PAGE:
Bike centres proposed to strengthen weakest link in cycling strategy
As part of the 2040 Transportation plan presented to city council Tuesday, end-of-trip facilities would provide bicycle parking and storage.
The City of Vancouver is looking at strengthening the ''weakest link'' in its strategy to encourage cycling by including bike centres in the downtown.
The idea, part of the 2040 Transportation plan presented to city council Tuesday, is for end-of-trip facilities that would provide bicycle parking and storage, said Jerry Dobrovolny, the city's transportation director.
''There's a place to lock your bike, there's a place where you could shower or store clothes, and then go to wherever your destination is downtown,'' he said.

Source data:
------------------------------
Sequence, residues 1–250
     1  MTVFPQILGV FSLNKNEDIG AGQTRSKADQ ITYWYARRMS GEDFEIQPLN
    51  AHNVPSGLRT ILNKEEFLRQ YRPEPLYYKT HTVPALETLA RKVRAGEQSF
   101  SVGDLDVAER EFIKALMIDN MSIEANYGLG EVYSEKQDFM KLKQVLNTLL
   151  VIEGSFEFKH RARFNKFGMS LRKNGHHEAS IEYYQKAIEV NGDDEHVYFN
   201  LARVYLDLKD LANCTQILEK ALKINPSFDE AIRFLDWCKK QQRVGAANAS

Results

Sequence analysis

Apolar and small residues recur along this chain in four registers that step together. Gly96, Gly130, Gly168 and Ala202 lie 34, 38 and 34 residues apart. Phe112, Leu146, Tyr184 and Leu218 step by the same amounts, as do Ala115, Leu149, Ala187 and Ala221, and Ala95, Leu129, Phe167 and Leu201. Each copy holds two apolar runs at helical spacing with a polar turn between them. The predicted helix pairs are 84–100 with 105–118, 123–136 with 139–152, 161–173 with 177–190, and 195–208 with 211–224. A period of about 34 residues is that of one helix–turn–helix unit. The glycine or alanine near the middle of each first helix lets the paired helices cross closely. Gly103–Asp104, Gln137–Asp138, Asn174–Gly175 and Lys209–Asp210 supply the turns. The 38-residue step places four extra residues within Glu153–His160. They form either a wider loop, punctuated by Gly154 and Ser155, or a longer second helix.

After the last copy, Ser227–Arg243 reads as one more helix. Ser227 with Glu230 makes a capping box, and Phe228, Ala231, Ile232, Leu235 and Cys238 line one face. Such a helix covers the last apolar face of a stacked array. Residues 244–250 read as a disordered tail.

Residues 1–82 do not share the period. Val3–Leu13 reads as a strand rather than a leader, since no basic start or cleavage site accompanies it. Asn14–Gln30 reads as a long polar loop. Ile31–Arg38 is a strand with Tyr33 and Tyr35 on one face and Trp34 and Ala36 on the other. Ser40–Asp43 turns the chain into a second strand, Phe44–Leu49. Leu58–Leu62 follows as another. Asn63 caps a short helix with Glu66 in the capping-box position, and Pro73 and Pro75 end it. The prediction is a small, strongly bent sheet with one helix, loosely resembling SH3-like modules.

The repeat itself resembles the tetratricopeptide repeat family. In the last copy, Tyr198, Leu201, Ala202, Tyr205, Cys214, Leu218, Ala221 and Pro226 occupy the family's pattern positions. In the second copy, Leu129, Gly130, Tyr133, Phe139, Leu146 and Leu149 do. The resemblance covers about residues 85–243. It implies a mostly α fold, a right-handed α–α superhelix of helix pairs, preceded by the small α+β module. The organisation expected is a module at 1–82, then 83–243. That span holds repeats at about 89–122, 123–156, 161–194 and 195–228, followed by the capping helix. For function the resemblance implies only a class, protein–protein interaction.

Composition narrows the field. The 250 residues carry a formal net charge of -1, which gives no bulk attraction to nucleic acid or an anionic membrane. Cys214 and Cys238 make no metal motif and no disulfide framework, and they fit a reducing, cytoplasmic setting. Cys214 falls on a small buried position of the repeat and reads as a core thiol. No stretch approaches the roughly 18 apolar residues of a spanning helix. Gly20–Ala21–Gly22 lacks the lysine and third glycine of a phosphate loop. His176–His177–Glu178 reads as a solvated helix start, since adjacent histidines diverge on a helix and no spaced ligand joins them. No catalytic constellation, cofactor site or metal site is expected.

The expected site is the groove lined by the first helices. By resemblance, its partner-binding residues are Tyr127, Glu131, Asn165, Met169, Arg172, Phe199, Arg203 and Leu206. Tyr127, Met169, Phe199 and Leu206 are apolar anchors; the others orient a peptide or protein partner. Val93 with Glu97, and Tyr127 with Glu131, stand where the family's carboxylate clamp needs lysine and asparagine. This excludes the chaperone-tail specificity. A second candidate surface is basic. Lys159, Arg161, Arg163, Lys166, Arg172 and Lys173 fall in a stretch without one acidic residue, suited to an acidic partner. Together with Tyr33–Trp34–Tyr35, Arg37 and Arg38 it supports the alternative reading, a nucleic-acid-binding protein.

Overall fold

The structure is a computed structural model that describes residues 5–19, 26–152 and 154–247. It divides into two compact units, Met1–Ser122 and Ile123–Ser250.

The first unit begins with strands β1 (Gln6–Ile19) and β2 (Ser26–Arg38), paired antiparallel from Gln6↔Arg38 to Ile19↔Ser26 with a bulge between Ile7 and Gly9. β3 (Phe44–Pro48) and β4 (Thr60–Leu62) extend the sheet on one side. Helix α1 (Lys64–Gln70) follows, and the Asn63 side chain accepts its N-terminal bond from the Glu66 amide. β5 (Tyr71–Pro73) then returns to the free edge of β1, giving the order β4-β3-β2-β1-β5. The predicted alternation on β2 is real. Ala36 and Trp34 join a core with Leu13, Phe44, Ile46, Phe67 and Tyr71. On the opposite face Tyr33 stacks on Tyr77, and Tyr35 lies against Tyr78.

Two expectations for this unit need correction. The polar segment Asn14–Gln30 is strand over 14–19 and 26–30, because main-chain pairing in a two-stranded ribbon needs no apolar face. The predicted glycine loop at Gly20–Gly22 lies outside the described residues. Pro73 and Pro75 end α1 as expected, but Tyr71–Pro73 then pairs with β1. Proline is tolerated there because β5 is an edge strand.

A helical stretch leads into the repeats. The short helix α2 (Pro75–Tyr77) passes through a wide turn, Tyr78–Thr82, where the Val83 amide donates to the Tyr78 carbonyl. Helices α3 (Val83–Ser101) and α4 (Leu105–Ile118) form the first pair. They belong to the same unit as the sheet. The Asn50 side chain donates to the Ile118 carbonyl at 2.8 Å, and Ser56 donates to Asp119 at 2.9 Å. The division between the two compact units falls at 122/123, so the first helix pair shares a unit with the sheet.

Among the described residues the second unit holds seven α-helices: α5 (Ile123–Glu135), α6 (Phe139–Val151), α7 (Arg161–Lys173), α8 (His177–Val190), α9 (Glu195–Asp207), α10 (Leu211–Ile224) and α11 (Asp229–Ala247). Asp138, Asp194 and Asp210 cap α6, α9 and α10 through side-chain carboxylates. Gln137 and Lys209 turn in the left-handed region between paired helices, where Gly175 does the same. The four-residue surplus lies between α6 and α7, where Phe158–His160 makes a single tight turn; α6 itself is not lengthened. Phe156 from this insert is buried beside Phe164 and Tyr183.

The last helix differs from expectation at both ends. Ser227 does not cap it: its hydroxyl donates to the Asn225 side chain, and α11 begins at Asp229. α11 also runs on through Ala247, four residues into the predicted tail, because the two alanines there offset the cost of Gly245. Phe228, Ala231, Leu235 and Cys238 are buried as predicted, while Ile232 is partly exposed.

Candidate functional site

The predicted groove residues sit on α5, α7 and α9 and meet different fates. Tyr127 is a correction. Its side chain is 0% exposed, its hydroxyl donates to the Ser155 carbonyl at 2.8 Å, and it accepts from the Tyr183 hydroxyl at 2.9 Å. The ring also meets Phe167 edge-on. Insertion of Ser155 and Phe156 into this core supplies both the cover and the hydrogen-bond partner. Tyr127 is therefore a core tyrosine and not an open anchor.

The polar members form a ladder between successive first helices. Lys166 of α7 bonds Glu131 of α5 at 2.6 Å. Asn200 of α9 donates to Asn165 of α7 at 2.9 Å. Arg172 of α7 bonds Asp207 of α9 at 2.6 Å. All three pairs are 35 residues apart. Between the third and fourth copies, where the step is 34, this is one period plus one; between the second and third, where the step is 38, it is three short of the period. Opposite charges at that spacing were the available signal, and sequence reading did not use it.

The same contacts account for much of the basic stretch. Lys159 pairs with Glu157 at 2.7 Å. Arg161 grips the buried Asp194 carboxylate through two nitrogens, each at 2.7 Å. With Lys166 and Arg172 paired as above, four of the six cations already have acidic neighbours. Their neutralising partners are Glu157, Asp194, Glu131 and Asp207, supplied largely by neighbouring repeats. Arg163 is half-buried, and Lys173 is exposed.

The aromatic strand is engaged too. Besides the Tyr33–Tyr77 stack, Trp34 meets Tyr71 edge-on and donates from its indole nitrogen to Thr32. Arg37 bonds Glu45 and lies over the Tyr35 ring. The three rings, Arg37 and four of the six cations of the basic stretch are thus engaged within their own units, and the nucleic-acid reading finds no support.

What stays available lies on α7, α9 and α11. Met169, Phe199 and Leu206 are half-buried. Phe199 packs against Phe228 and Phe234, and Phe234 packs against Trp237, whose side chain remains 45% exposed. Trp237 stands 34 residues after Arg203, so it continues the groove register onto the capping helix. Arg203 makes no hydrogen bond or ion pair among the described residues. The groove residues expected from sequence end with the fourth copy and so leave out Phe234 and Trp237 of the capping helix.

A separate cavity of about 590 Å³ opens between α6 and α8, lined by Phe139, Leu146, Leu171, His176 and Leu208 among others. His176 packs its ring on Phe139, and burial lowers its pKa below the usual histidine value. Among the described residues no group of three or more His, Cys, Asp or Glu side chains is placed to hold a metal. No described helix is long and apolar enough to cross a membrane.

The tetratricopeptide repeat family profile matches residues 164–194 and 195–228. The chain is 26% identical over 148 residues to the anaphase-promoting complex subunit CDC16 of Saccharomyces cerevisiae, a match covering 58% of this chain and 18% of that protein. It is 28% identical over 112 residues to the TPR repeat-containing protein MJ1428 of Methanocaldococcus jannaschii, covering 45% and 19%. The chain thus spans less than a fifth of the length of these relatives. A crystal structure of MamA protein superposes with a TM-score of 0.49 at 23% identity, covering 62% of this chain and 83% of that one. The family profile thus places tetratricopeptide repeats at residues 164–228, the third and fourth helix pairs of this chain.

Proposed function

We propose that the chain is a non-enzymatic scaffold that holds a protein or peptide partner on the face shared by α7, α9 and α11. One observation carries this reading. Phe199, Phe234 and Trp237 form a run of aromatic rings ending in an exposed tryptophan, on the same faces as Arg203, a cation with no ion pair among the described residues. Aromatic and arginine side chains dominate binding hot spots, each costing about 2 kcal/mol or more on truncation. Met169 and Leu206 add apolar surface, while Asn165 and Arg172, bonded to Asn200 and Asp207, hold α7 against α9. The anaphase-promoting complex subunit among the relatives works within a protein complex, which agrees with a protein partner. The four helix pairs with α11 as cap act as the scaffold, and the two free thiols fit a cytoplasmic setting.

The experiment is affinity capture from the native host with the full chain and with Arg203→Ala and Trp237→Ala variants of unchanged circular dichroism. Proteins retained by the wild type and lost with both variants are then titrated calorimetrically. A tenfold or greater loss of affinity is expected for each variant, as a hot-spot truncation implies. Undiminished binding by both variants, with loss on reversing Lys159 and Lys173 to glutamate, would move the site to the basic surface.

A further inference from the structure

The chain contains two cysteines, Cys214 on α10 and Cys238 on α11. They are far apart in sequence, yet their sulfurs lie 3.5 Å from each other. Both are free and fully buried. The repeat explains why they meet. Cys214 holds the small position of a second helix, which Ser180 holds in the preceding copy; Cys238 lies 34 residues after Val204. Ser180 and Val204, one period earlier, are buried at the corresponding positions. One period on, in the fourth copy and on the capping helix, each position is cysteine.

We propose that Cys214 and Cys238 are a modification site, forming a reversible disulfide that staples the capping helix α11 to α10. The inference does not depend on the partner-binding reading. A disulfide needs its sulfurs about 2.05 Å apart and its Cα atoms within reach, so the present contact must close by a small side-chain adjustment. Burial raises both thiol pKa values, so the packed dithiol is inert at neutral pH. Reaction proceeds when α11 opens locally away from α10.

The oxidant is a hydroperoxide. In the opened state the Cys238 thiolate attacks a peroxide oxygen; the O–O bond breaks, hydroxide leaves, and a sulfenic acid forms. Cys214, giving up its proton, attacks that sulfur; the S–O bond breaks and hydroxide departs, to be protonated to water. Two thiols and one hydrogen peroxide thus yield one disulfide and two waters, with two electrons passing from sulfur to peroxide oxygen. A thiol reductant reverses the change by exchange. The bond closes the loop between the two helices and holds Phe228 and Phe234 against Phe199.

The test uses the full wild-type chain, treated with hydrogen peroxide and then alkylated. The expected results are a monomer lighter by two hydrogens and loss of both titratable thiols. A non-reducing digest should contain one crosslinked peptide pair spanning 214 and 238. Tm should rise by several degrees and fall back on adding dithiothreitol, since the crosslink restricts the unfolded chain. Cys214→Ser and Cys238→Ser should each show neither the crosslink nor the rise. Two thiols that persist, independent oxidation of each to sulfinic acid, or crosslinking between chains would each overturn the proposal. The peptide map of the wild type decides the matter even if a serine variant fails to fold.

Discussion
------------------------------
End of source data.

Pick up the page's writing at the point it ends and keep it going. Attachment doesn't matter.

The centres could also include bicycle rental or repair facilities. The plan envisions up to three centres in the downtown. Cost and location of the centres has not been determined.
A TransLink survey found approximately 106,500 bicycle trips per day were taken in Vancouver in 2011. About 55% were to and from work.
Erin O'Melinn, executive director for the cycling-activist group HUB, said dedicated bike lanes have increased bicycle use in the city. But people riding to work still have concerns about bike storage and change facilities.
Bike centres would help alleviate these concerns.
"If people don't feel like there is a safe space to leave their bike during the day, or if there is not a place where they can get ready for work or feel good for the day … then they may chose not to cycle,'' said O'Melinn.
''If everything else is great for their trip, but that one piece is missing, then that's the weakest link and they may not make that trip.''
Dobrovolny said the city already requires new business and residential buildings to include bike storage.